Ayers, Whitlow & Dressler
Free Case Consultations Home & Hospital Visits Available
704-594-4317
Due to the COVID-19 pandemic, we are providing free consultations via PHONE or VIDEO conferencing for your safety and convenience. Our Charlotte office is OPEN during its regular hours. Please don't hesitate to call us if you have any questions! 704-594-4317

What must you prove in a wrongful death case?

If you lose a loved one due to someone’s negligence or wrongdoing, you likely can recover damages from the person at fault via a wrongful death suit. Keep in mind that in North Carolina, only the personal representative of the decedent’s estate can bring a wrongful death action. However, (s)he brings that action on behalf of the decedent’s estate and heirs; i.e, close family members. Consequently, if the decedent was your spouse, child, parent, etc., you likely can recover your damages.

FindLaw explains that the plaintiff in a wrongful death suit must prove the following in order to prevail:

  • That the decedent died
  • That (s)he died due to the defendant’s negligence or wrongdoing
  • That the defendant knew or should have known that his or her actions would harm the decedent
  • That the defendant’s actions represented the proximate cause of the decedent’s death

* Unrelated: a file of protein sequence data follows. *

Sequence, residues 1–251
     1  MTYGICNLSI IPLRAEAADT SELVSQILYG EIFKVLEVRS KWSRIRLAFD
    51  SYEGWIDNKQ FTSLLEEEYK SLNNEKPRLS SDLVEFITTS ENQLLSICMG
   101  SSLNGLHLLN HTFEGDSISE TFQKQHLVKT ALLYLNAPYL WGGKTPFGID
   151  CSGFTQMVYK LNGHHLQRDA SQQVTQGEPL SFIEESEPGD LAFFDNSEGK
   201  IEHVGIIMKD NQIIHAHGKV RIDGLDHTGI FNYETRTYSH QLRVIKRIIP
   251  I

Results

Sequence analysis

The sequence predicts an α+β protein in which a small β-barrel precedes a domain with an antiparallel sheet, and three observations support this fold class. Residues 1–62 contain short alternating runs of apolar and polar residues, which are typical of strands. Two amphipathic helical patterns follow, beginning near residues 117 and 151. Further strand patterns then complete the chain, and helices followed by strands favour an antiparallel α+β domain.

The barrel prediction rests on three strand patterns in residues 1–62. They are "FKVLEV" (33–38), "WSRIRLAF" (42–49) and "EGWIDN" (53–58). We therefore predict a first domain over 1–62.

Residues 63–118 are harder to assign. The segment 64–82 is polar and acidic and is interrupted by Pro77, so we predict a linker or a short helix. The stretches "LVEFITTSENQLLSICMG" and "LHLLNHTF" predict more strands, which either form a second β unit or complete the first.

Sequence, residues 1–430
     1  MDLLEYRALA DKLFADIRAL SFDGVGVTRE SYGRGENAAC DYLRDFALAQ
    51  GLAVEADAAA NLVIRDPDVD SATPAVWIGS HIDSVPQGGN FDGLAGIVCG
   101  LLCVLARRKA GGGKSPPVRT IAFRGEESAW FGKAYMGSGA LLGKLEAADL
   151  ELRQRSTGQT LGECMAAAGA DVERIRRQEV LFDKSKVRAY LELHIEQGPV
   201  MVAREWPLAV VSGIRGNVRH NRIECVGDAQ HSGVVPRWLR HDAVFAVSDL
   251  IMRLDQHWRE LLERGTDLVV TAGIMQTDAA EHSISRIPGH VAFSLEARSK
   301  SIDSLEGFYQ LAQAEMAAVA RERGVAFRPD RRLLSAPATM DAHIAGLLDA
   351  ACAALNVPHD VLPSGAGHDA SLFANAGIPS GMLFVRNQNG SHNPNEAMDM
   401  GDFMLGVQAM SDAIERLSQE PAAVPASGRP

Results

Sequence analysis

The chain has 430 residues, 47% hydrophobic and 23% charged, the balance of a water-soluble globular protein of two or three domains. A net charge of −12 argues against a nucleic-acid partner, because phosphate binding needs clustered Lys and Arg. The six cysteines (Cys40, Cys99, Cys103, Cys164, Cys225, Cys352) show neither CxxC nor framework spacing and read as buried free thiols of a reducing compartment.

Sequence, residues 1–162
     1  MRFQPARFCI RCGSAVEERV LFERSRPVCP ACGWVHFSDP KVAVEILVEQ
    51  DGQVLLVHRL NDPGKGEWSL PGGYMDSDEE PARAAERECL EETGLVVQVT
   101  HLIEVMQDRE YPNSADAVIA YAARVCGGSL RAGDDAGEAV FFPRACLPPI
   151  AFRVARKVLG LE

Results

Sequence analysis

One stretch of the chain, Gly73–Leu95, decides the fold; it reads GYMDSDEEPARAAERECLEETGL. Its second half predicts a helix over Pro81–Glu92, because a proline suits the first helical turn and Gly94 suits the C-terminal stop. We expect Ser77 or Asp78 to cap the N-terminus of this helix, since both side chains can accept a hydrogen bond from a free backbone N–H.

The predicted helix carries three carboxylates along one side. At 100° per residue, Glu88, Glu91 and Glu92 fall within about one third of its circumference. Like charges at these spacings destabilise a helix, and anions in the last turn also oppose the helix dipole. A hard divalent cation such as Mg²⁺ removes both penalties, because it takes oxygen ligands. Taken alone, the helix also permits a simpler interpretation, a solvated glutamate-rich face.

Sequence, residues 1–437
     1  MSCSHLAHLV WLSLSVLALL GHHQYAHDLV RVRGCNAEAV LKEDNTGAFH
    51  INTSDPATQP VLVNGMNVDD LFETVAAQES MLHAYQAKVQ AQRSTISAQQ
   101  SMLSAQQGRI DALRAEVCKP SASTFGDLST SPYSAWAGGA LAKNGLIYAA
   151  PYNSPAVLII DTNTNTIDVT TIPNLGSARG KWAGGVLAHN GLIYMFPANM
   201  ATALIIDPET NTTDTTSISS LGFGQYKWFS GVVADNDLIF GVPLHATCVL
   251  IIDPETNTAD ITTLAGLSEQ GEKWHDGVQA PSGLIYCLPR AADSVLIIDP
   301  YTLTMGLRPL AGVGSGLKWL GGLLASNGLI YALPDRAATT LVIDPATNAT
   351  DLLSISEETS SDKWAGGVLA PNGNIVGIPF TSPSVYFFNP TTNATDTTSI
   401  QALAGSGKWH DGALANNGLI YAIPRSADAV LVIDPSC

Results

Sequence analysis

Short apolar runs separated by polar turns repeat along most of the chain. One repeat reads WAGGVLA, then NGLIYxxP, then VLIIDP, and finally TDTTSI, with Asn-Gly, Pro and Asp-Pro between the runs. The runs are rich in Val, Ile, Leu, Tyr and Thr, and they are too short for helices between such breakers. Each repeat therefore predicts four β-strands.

• That the decedent’s estate and heirs suffered compensable damages as the result of the decedent’s death

Damage types

Wrongful death damages come in both economic and noneconomic forms. Your economic damages include such things as the following:

  • The decedent's medical and funeral expenses
  • Your loss of the future goods and services that (s)he would have provided you had (s)he lived his or her full life expectancy
  • Your loss of his or her reasonably expected future earnings
  • Your loss of his or her reasonably expected future benefits such as medical insurance, pension plans, etc.
  • Your loss of your reasonably expected inheritance had (s)he not died wrongfully and prematurely

Your noneconomic damages include your anguish, pain and suffering caused by the decedent's death; your loss of his or her care, nurturing, protection, guidance, advice, etc.; and your loss of his or her consortium if (s)he was your spouse.

No Comments

Leave a comment
Comment Information
Email us for response

Have A Question? Fill Out The Form Below:

Bold labels are required.

Contact Information
disclaimer.

The use of the Internet or this form for communication with the firm or any individual member of the firm does not establish an attorney-client relationship. Confidential or time-sensitive information should not be sent through this form.

close

Privacy Policy

Contact our office today. If you have been injured or are no longer able to work, we can help.

Office Location:

301 South McDowell Street
Suite 410
Charlotte, NC 28204

Phone: 704-594-4317
Fax: 704-339-0172
Charlotte Law Office Map